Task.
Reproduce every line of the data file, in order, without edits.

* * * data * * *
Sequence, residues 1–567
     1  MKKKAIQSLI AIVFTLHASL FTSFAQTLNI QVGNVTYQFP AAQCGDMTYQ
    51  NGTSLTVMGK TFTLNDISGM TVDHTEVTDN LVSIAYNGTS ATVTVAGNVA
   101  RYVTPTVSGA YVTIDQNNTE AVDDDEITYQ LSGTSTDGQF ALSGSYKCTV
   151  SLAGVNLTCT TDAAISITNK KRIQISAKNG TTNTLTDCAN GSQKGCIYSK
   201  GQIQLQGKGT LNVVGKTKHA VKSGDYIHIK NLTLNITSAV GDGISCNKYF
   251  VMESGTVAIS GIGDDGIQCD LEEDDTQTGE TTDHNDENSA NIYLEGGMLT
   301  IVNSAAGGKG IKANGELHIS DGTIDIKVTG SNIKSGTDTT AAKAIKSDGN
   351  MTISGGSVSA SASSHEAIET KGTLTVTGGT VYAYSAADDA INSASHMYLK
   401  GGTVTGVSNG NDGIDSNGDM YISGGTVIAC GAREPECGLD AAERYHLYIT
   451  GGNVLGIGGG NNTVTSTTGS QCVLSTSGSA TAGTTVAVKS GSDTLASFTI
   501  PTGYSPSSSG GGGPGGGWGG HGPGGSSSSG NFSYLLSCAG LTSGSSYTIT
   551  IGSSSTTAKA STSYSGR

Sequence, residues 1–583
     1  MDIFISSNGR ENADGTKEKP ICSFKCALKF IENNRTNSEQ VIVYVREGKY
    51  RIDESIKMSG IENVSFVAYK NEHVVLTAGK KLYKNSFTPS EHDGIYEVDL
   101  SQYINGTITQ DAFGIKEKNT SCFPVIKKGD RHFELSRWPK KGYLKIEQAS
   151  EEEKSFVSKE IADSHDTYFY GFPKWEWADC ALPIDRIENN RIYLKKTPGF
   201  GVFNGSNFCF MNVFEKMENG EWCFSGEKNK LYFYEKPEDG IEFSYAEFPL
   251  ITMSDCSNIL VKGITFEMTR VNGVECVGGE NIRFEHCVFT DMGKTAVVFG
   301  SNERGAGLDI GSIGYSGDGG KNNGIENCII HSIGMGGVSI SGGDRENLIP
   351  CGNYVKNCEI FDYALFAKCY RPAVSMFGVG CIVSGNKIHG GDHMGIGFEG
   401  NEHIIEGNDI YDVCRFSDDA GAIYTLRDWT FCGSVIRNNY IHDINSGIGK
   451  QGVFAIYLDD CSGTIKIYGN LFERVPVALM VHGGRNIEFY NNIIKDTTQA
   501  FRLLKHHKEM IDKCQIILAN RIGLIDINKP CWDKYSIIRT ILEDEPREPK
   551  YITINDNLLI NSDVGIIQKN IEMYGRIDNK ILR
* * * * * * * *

Sequence, residues 1–567
     1  MKKKAIQSLI AIVFTLHASL FTSFAQTLNI QVGNVTYQFP AAQCGDMTYQ
    51  NGTSLTVMGK TFTLNDISGM TVDHTEVTDN LVSIAYNGTS ATVTVAGNVA
   101  RYVTPTVSGA YVTIDQNNTE AVDDDEITYQ LSGTSTDGQF ALSGSYKCTV
   151  SLAGVNLTCT TDAAISITNK KRIQISAKNG TTNTLTDCAN GSQKGCIYSK
   201  GQIQLQGKGT LNVVGKTKHA VKSGDYIHIK NLTLNITSAV GDGISCNKYF
   251  VMESGTVAIS GIGDDGIQCD LEEDDTQTGE TTDHNDENSA NIYLEGGMLT
   301  IVNSAAGGKG IKANGELHIS DGTIDIKVTG SNIKSGTDTT AAKAIKSDGN
   351  MTISGGSVSA SASSHEAIET KGTLTVTGGT VYAYSAADDA INSASHMYLK
   401  GGTVTGVSNG NDGIDSNGDM YISGGTVIAC GAREPECGLD AAERYHLYIT
   451  GGNVLGIGGG NNTVTSTTGS QCVLSTSGSA TAGTTVAVKS GSDTLASFTI
   501  PTGYSPSSSG GGGPGGGWGG HGPGGSSSSG NFSYLLSCAG LTSGSSYTIT
   551  IGSSSTTAKA STSYSGR

Sequence, residues 1–583
     1  MDIFISSNGR ENADGTKEKP ICSFKCALKF IENNRTNSEQ VIVYVREGKY
    51  RIDESIKMSG IENVSFVAYK NEHVVLTAGK KLYKNSFTPS EHDGIYEVDL
   101  SQYINGTITQ DAFGIKEKNT SCFPVIKKGD RHFELSRWPK KGYLKIEQAS
   151  EEEKSFVSKE IADSHDTYFY GFPKWEWADC ALPIDRIENN RIYLKKTPGF
   201  GVFNGSNFCF MNVFEKMENG EWCFSGEKNK LYFYEKPEDG IEFSYAEFPL
   251  ITMSDCSNIL VKGITFEMTR VNGVECVGGE NIRFEHCVFT DMGKTAVVFG
   301  SNERGAGLDI GSIGYSGDGG KNNGIENCII HSIGMGGVSI SGGDRENLIP
   351  CGNYVKNCEI FDYALFAKCY RPAVSMFGVG CIVSGNKIHG GDHMGIGFEG
   401  NEHIIEGNDI YDVCRFSDDA GAIYTLRDWT FCGSVIRNNY IHDINSGIGK
   451  QGVFAIYLDD CSGTIKIYGN LFERVPVALM VHGGRNIEFY NNIIKDTTQA
   501  FRLLKHHKEM IDKCQIILAN RIGLIDINKP CWDKYSIIRT ILEDEPREPK
   551  YITINDNLLI NSDVGIIQKN IEMYGRIDNK ILR